Berkeley Legal | MSMEs: Use of Security in Accessing Funds
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28 Jul MSMEs: Use of Security in Accessing Funds


Micro, Small and Medium Enterprises (MSMEs) are a key sector of the Nigerian economy.  MSMEs contribute to roughly 47% of the GDP in Nigeria and are seen as significant contributors to employment generation and poverty amelioration.

One of the major challenges faced by MSMEs is the lack of access to affordable funds.  This is largely due to their inability to provide property as security for loans. Most financial institutions demand such security for granting loans.

To help alleviate this, the Federal Government, in its drive to promote the ease of doing business in Nigeria, recently introduced The Secured Transactions in Movable Asset Act 2017 (otherwise referred to as the Collateral Registry Act) (herein referred to as ‘the Act’).

With the enactment of the Act, MSMEs are now in a position to obtain credit secured by their movable assets.  Movable assets can be defined as “tangible and intangible property other than real property.” These assets can include inter alia vehicles, equipments etc.

Some of the key features of the Act are the Security Agreement, the National Collateral Registry and the Protection of Creditors. This article will highlight these areas as well as Registration Cost and Realisation of Security.

Security Agreement

A Security Agreement is an agreement that provides a Lender/Creditor a security interest (i.e. property right) in a specified asset or property that is pledged as collateral by a Borrower for the advancement of a loan or facility. The agreement is typically entered into between a Grantor/Borrower and a Lender/Creditor. In the event that a borrower defaults, the pledged collateral may be seized and sold by the Lender. For a Lender/Creditor, a Security Agreement mitigates the risk of default by a borrower.

According to Section 5 of the Act, a Security Agreement should:

‘reflect the intention of the Grantor and Creditor to create a Security Interest, identify the Grantor and Creditor, describe the secured obligation including the maximum amount for which the Security Interest is enforceable, describe the collateral adequately and indicate the tenor of the obligation secured’.

The National Collateral Registry

This has been set up by the Central Bank of Nigeria. The Collateral Registry, which is being managed by a Registrar as appointed by the Governor of the Central Bank of Nigeria, is responsible for receiving, registering and storing Security Interests in moveable assets. They are also required to provide access to Creditors who may wish to enquire about a particular Security Interest.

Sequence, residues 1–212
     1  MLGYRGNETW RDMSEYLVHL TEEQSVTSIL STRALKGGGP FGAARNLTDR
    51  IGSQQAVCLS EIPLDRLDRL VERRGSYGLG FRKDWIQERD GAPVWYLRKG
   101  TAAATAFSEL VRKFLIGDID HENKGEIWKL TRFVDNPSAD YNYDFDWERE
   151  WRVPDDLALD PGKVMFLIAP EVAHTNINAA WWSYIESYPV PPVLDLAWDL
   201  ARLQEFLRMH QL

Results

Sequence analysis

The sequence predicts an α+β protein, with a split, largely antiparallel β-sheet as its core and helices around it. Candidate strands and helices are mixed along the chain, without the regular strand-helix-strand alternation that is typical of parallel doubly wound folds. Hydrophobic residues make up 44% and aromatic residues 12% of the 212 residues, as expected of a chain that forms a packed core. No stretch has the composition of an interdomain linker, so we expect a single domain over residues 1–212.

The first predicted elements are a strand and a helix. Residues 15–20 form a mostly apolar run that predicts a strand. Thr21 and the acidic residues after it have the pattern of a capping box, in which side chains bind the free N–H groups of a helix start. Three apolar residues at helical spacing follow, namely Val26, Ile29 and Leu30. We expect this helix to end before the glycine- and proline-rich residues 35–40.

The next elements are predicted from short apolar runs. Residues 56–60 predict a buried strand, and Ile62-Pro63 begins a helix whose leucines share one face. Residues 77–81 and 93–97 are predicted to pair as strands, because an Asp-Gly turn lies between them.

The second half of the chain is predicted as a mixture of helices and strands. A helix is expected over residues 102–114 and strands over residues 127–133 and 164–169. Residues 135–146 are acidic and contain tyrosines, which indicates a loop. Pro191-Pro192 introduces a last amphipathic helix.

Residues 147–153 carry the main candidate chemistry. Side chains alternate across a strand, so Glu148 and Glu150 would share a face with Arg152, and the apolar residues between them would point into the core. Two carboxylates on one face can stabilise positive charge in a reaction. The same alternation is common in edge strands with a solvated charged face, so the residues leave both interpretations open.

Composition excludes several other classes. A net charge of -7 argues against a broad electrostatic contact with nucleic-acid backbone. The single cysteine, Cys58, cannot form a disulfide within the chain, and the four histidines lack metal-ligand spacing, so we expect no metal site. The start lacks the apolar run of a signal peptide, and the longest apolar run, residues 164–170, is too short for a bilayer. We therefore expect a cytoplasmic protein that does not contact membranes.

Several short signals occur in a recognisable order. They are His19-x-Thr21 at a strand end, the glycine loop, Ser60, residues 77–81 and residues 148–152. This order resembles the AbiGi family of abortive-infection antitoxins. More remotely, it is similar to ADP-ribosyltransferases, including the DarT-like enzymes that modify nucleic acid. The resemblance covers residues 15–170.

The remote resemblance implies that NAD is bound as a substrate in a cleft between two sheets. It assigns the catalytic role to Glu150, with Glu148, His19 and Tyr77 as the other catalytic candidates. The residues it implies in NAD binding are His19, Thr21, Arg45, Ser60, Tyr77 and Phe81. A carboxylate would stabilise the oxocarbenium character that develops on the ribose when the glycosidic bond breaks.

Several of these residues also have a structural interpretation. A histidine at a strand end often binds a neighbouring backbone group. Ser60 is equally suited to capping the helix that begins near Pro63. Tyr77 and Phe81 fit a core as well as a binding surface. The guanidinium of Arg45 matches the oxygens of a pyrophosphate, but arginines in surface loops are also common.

Protection of Creditors

The Act has made certain pronouncements that can be viewed as a protective shield for Creditors. These include, but are not limited to:

1. The ability of a Creditor to search the Collateral Registry for information pertaining to a particular Security Interest for a fee.

2. The Creditor has a right to sell, lease or license the collateral if the Borrower defaults.

3. The Creditor can employ the service of the Nigerian Police to repossess the collateral in the event of a default by the Borrower.

4. Perfection of security interest by the Creditor at the Collateral Registry. A perfected security interest has priority over the rights of an unsecured creditor that has obtained a judgment or an order of attachment.

In addition to some of the above, realisation of security can come in other forms such as:

5. Instituting legal action

6. Collection and application of an account receivable, money or negotiable instrument taken as collateral to the satisfaction of the obligation secured by the security interest.

7. Rendering the collateral inoperative

  • By virtue of Section 42 of the Act, this can arise if the collateral cannot be easily moved from the Grantor’s premises or if the collateral will require a specific storage facility that is not immediately available.

8. Appointing a Receiver as provided by the Companies and Allied Matters Act (CAMA)

  • This entails assigning a neutral person to manage the collateral until the realization of the security.

The Act has exempted the payment of Stamp Duties on security interest created over movable assets. It however does not provide any exemption from payment for the purposes of registering the security interest by the MSME. MSMEs that are registered as a limited liability company under the CAMA are still required to adhere to all costing as it partakes to the formation and registration of a security interest.


Taking into consideration that the Collateral Registry Act is in its infancy stage, it is too early to determine its success however based on its objectives and focus area, it is safe to say that it is a welcome development for MSMEs. In relation to the country, the Act will promote further growth within the private sector as well as enhance economic growth.

The content of this document is solely for information purposes only and should not in any way be construed as a legal opinion. If you require specific legal advice on any of the matters covered in this article please contact